Definition of cherry in English:


Line breaks: cherry
Pronunciation: /ˈtʃɛri

noun (plural cherries)

  • 1A small, soft round stone fruit that is typically bright or dark red: a bowl of cherries [as modifier]: cherry pie
    More example sentences
    • His mother would place a bowl of bright red cherries or shiny pistachios before us and we picked at the food as we chatted lazily.
    • In 1920, Midwestern states produced a variety of crops such as apples, cherries, grapes, tomatoes, potatoes, and strawberries.
    • My snack is Granny Smith apples, grapes or cherries and low-fat or fat-free cottage cheese.
  • 2 (also cherry tree) The tree that bears the cherry.
    • Genus Prunus, family Rosaceae: several species, the edible kinds being derived from the sweet (or wild) cherry (P. avium) and the sour (or morello) cherry (P. cerasus)
    More example sentences
    • Nylon netting draped over your cherry tree or blueberry bushes will keep birds away.
    • You might for example, plant pale violet tulips at the base of a pink-flowering cherry tree.
    • Looking out across the pond one sees a cherry tree in palest pink, and, farther away, the glistening white trunks of an old birch tree.
  • 2.1 (also cherrywood) [mass noun] The wood of the cherry tree.
    More example sentences
    • Upstairs, the master bedroom features a maple floor and fitted cherrywood wardrobes, while the remaining three bedrooms also have fitted wardrobes.
    • The cherrywood handle scales are very pleasing to the eye.
    • She gripped the round top of the cherry bedpost that her father had fashioned so carefully.
  • 2.2Used in names of unrelated plants with fruits similar to those of the cherry tree, e.g. cornelian cherry.
    More example sentences
    • In 1922 Japanese cherries were planted in Sparkes Gully but in 1923 it was decided that all future plantings should be indigenous to South Australia.
    • Where resistance to oak root fungus is needed, try bush anemone, Catalina cherry, or spice bush.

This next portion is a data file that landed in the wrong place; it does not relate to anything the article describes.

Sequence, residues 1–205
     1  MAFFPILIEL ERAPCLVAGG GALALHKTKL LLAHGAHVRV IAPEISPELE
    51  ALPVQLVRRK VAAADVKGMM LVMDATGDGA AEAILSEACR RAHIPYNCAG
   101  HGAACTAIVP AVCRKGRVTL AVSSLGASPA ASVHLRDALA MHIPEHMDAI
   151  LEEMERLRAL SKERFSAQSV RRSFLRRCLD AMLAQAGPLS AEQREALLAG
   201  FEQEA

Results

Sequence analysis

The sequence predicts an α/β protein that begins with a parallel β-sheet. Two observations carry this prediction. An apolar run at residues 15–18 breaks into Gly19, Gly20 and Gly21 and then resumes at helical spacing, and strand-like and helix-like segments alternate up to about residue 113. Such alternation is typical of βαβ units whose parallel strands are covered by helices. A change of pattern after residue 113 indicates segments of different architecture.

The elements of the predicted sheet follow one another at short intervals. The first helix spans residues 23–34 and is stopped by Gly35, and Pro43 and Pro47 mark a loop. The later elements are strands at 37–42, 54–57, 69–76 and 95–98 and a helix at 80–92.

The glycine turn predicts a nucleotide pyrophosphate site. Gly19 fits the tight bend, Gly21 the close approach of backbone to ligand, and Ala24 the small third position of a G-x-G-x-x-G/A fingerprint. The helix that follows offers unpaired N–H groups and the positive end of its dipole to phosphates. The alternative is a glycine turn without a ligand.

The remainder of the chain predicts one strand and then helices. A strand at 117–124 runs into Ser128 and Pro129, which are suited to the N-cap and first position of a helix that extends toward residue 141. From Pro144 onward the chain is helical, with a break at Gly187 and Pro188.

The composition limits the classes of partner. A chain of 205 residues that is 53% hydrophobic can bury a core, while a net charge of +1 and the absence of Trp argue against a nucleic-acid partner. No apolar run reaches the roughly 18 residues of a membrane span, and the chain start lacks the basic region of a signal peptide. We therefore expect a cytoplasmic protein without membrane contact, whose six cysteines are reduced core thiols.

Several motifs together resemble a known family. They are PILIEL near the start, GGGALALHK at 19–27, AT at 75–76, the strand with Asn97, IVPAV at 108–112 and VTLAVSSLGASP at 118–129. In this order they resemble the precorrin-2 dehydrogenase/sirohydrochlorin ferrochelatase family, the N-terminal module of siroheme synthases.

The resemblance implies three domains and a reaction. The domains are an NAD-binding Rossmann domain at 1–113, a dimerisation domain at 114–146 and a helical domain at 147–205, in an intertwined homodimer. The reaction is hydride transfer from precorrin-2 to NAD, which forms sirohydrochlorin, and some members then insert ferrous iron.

• 3 [mass noun] A bright deep red colour: [as modifier]: her mouth was a bright cherry red she pulled up the collar of her cherry wool coat
    More example sentences
    • When purchasing red meat the flesh should be firm, cherry red in colour and finely grained.
    • She had a movie-star smile completed with cherry red lips and bright alabaster teeth.
    • I yelled, my cheeks taking their cherry red colouring again.
  • 4 (one's cherry) • informal One’s virginity: only 3 per cent of the students lost their cherry at college


a bite at the cherry

British An attempt or opportunity to do something: the team had victory snatched from their grasp, and could well have had their last bite at the cherry
More example sentences
  • Virgin Blue, Australia's second biggest carrier will get a bite at the cherry ahead of Singapore.
  • Yes of course we're going to buy it but a demo gives us a bite at the cherry a few days/weeks or whatever before we grab it off the shelves.
  • If you want the domain you should use every leverage you can to prevent anybody else having a bite at the cherry.

a bowl of cherries

[usually with negative] A very pleasant or enjoyable situation or experience: life isn’t exactly a bowl of cherries
More example sentences
  • My life hasn't been, as Mary Jane would put it, a bowl of cherries.
  • Until that day, life had been a bowl of cherries with few pits.
  • History tells us that life as a rock star is far from a bowl of cherries.

the cherry on the cake (or on top)

A desirable feature perceived as the finishing touch to something that is already very good: the car is faster than a Ferrari, but the cherry on the cake is the price
More example sentences
  • Such gripes, though, are minor, as this is but the cherry on the cake, the cake in question being next year's fifth album proper.
  • Perfect use of lighting, scenography and projections emphasised slick performances by a formidable cast and an evocative musical score was the cherry on the cake.
  • This one was the cherry on the cake for L: he loved it.


Middle English: from Old Northern French cherise, from medieval Latin ceresia, based on Greek kerasos 'cherry tree, cherry'. The final -s was lost because cherise was interpreted as plural (compare with caper2 and pea).

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